Accountability can be a terrifying word. It conjures up memories of being hauled into the principal’s office or banished to a corner to “think about what we’ve done.” For managers, accountability suggests starting difficult conversations and being the bad guy.
Despite accountability’s bad rap, it contributes to incredible experiences for team members, suppliers, and customers. It also helps you lead a positive culture.
What is an accountable company?
An accountable company is one that:
- creates and maintains high levels of trust
- identifies and manages risk
- empowers employees
- creates lasting customer relationships
- uses data to align accountability with efficiency
- uses data to align accountability with great process.
- Use the accountability dial to help your employees - and back it upwith data
Use the accountability dial to help your employees - and back it up with data
In his article for the Harvard Business Review, Jonathan Raymond identifies five stages of accountability between company and employee. He stresses that although we often think of accountability in terms of “getting in trouble,” we can each point to a time where we gained a positive experience from it.
Without accountability, employees can’t grow, and the company can’t innovate.
An employee who is taking shortcuts, letting the team down, or having lapses in judgement impacts more than just him/herself. Such a person makes life more difficult for their teammates. They also lower the value of your service, and present a negative image of the business to the public.
Pointing out where team members might be lapsing isn’t ‘being mean.’ If done in the right way, it can be one of the most caring things you do. Give them time to draw connections and find solutions.
For example, a technician making frequent mistakes on the job may need:
- a lighter workload
- to be on a different team
- to be in a different role.
How the accountability dial works, and why data is important
Your accountability dial can be turned up gradually as you need. Everyone begins on the lowest setting.
Raymond’s “settings” are designed to help team members realise for themselves where their behaviour is lacking. It helps them self-identify how they can improve and create a more positive work environment. It’s a hallmark of what is called positive leadership.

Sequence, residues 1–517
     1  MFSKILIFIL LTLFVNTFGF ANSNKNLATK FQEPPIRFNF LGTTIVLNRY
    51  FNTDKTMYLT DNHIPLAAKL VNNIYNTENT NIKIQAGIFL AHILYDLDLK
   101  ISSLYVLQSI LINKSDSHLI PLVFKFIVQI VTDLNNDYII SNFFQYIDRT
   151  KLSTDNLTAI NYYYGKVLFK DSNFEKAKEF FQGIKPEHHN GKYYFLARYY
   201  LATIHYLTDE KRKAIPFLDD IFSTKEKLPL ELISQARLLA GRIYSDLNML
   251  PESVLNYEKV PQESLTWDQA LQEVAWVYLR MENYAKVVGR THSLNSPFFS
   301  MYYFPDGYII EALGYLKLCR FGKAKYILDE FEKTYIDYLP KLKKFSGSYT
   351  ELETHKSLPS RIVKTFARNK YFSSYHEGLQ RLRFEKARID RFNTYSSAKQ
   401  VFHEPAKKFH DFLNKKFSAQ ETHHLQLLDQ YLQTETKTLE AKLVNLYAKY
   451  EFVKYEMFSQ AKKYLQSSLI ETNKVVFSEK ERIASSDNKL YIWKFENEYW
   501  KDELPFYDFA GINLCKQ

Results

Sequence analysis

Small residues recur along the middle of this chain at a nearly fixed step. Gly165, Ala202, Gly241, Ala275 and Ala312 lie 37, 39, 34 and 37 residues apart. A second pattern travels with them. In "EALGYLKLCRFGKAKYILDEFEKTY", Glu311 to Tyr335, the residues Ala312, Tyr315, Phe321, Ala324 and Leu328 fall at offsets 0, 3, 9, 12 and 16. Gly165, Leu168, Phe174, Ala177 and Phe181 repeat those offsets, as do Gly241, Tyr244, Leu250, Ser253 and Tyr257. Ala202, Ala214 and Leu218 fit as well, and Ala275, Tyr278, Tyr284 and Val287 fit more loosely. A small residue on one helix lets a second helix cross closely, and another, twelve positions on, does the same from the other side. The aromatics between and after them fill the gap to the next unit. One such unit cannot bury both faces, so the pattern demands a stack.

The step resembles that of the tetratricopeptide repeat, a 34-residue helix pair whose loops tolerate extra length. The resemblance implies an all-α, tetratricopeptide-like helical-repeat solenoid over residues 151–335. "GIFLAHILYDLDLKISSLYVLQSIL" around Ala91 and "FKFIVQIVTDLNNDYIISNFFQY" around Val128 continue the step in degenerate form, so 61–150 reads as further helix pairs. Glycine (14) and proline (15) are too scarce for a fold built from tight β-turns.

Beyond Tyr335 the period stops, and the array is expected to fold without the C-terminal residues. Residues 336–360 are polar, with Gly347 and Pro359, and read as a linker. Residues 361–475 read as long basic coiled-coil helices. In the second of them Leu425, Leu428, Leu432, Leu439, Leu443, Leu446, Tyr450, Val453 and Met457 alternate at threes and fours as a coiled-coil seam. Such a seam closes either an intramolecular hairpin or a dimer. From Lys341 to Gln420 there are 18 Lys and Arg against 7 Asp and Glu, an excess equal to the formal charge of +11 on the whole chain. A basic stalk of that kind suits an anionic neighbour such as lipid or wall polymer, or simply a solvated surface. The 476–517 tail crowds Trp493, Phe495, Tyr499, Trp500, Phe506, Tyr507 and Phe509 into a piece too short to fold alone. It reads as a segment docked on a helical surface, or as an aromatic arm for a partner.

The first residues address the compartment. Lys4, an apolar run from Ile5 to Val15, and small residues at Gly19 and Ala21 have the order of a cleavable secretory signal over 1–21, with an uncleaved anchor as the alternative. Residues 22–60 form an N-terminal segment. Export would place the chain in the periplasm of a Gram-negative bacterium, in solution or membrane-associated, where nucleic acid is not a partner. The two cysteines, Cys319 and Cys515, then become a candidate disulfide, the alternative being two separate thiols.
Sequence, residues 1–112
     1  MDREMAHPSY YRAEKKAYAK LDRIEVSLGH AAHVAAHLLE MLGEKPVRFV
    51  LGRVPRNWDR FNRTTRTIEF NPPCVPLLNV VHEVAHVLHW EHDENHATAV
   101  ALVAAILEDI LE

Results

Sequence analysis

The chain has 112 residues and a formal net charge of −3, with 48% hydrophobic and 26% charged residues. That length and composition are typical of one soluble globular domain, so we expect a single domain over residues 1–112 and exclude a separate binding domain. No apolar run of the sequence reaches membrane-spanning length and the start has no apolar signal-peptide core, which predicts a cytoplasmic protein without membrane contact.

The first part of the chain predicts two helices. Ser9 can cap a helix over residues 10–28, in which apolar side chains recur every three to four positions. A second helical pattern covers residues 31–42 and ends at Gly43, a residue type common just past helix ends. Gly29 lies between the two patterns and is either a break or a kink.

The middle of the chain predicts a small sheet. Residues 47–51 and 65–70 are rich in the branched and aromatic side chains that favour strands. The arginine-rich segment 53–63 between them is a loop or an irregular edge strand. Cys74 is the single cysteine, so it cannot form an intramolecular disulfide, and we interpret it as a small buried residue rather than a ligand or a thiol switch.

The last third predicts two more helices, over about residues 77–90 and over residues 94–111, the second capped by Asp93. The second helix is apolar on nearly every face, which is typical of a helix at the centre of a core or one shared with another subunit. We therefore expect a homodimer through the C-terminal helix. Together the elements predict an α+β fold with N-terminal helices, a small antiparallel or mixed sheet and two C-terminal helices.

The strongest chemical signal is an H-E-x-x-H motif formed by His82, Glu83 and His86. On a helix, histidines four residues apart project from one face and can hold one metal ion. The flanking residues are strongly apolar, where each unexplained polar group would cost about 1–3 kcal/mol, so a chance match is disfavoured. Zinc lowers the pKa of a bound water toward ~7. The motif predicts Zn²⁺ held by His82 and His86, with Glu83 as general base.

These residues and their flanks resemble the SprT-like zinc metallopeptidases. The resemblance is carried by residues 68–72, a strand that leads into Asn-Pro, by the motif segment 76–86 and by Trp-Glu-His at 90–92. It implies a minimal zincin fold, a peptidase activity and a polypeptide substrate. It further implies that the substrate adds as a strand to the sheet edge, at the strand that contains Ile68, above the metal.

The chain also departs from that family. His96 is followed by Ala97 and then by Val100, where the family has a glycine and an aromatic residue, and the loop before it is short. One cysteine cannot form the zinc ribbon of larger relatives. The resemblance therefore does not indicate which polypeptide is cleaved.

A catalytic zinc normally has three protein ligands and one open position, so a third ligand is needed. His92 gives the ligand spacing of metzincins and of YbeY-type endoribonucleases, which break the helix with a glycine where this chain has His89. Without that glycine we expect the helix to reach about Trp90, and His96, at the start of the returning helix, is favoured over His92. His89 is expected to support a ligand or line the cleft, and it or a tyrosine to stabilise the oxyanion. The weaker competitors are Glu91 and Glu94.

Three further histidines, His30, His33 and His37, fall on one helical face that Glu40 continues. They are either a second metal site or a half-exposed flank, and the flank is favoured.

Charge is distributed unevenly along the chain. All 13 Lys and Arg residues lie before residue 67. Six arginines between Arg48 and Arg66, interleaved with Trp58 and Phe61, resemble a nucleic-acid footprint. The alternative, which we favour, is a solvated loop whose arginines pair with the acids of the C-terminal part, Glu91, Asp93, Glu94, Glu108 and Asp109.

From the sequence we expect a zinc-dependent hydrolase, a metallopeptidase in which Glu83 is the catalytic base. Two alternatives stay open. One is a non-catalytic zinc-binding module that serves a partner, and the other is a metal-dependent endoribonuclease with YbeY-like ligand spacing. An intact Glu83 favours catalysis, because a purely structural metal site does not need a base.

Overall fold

The five steps of on the dial are:
1. Mention it: Tell the employee what you’re noticing, and do it early. Maybe it’s an error rate, disengagement, or other behaviours.
2. Invite reflection: ‘Connect the dots’ between events, and ask employee what they have in common. Invite them to reflect. A system like myFLO can help you spot patterns in efficiency, performance, timing, costs (etc) that can help you find the pattern.
3. Coach them: Have a deeper, reflective conversation with your employee.
4. Set boundaries: This is normally the ‘getting in trouble’ part of accountability.
5. Set limits: Formal consequences, such as probation and termination.
Data gives you the ability to show your employees what you are seeing. If you don’t have the right visibility over your data, managing any kind of performance is extremely difficult.
Before you can have accountability, you need data.
Without accurate data, you can’t see the issues that need to be resolved.
Data enables accountability in three ways.
1. By showing you how you met customers’ needs.
How? By keeping detailed records of maintenance, parts ordered, and tasks completed, you can demonstrate to a client how you’ve fulfilled your duties.
With MyFLO, all data is real-time. If you’re in the office or in the field - or accessing it via a customer portal - it’s all the same, and always current.
Even if the client never views or requests this data, having it available increases trust. Your data can also allow you to go in to defend your team when an unscrupulous customer tries to take advantage or
2. By giving you clarity about team performance.
How? Data on hours worked, jobs completed, and other productivity metrics allows you to compare teams and workers and see who is performing below average.
This allows you to identify potential problems before they spiral out of control. Empirical data is a vital part of performance conversations and coaching.
3. By improving goodwill with suppliers.
How? By backing up goodwill with solid data, so you AND your supplier know where everything is at any time. Data can also inform supplier codes of conduct (see below).
myFLO helps companies like yours to measure accountability in meaningful ways.
Our system also offers accountability to your customers as a unique point of difference. Talk to our experts today to find out how you can power your business and your culture with the right data. Call and speak to a real person on 1300 78 46 60.